Facts don’t disappear in life, but in the end attitude is their equal. Water hyacinths can demonstrate that.
If you know much about the state of Florida it was over run not long ago by water hyacinths. The state botanists still call it the worse weed on earth. They say this for two reasons: It impacts tourism and also the water ecology of the state. It’s a billion-dollar boondoggle. But then there is attitude and perception. While flustered Florida sputtered away calling it a weed Florida ignored the fact that in other parts of the world the water hyacinths is used for cattle fodder (a point you would think would not have been missed by the nation’s third largest producer of cattle.)
With preparation people can eat water hyacinth, it makes a good fertilizer, has very useable fiber, can be used to make bio-fuel, and importantly it has the ability in water or on land to absorb pollutants. It’s a sponge that loves to grow and can double its population in just two weeks. Do you have a “love canal” that needs cleaning up, or is the price of gasoline getting too high? To the point: Is water hyacinth a weed or a bio-tool that can be used? Florida had to address the threat it posed. Protecting an economy is important because that in turn protects people. But maybe it is time for some attitude adjustment.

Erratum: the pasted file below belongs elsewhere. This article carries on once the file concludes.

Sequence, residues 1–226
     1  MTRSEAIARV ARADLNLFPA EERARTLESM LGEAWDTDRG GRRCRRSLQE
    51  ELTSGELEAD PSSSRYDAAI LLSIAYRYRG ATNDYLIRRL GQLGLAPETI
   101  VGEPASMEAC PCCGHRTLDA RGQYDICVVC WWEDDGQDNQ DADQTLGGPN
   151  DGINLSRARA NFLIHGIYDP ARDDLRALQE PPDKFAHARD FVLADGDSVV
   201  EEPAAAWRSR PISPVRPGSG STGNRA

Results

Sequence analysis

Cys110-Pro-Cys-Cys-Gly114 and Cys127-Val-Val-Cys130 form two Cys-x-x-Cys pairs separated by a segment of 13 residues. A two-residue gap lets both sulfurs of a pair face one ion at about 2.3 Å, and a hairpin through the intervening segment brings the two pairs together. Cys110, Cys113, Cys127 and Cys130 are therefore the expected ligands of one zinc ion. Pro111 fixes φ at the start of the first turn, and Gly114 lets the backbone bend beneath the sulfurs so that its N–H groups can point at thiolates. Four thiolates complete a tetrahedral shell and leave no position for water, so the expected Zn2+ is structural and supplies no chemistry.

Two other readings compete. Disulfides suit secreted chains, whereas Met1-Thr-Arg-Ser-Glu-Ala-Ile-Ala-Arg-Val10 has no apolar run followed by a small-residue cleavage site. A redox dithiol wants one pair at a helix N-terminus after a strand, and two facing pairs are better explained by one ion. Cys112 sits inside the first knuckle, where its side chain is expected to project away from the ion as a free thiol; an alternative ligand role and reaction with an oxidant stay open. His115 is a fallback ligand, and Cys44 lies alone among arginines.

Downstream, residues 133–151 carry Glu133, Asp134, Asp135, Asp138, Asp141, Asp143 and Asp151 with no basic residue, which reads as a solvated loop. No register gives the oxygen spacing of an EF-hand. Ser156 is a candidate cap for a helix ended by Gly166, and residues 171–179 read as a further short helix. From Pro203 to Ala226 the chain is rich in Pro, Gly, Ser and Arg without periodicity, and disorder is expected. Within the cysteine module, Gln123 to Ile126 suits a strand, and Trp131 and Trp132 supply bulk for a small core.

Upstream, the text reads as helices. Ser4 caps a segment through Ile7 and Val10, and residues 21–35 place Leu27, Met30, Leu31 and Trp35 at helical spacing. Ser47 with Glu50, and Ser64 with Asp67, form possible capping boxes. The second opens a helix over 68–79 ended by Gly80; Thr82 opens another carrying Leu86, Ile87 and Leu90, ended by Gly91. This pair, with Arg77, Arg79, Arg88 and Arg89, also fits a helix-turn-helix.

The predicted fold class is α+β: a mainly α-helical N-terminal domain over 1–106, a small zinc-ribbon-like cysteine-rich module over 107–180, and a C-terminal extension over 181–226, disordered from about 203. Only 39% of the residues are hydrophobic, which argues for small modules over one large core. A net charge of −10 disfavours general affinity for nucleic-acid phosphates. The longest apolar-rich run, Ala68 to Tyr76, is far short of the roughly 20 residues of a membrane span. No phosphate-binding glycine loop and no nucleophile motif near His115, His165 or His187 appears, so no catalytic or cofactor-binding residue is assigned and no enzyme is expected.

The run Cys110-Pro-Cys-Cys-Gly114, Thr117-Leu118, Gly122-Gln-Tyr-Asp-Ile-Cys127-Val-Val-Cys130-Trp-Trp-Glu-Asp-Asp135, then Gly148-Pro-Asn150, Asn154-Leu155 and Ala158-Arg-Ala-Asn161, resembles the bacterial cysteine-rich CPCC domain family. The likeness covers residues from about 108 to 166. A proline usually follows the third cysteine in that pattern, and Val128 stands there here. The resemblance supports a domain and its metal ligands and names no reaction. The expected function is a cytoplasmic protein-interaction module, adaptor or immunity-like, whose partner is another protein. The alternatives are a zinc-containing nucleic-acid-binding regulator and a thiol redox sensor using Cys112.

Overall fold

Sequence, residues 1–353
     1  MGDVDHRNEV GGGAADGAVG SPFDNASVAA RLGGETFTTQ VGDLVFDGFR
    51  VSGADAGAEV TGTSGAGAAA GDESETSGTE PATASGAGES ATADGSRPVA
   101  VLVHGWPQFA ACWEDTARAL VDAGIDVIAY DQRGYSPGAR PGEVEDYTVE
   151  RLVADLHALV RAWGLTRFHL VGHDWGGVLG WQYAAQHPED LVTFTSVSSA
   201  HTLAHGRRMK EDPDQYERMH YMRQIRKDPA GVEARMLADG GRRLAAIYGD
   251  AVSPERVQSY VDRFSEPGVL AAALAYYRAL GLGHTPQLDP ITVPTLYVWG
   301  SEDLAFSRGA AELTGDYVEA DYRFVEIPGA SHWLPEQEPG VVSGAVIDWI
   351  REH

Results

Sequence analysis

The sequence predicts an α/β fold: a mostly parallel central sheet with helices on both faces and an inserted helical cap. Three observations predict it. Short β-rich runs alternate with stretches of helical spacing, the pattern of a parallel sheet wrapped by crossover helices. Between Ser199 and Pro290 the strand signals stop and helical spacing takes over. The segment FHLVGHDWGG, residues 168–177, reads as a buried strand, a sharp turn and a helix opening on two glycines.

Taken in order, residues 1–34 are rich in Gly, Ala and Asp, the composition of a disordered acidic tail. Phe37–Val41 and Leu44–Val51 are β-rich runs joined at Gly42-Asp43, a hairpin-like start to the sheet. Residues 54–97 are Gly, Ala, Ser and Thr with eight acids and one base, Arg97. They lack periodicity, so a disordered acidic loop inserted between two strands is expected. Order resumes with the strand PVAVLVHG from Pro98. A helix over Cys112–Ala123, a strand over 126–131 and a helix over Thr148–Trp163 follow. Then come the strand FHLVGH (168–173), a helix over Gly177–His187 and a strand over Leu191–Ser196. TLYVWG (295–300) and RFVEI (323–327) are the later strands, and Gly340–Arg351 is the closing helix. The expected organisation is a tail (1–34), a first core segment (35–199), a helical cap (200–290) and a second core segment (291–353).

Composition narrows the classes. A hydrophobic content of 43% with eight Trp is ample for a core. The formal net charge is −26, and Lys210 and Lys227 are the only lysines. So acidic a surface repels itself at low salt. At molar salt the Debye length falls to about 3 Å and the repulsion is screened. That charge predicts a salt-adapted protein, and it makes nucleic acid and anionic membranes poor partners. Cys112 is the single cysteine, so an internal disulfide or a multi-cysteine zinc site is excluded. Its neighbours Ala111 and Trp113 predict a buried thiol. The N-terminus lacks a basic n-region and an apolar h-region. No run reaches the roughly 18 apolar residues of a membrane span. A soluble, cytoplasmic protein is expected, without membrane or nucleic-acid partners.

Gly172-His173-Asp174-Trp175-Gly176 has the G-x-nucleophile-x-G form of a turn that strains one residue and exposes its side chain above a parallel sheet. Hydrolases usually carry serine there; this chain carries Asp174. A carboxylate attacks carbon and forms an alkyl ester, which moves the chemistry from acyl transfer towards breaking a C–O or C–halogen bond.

Water hyacinth can be a “weed” with all the negative connotations that engenders or a valuable plant. The view determines ideas and how tax dollars are spent. Now billions are spent to either spray the plant with favored pollutants (called herbicides) or mechanically crush the plant and let it rot. Why not utilize the plant and at the same time reduce its population? The newsman Harry Reasoner once said he hated labels because once you labeled someone or something you stopped thinking about it. Calling a plant a weed does exactly that. You can spend billions killing something and throwing it away, or harvesting something that can help people and show a return. It’s a matter of attitude.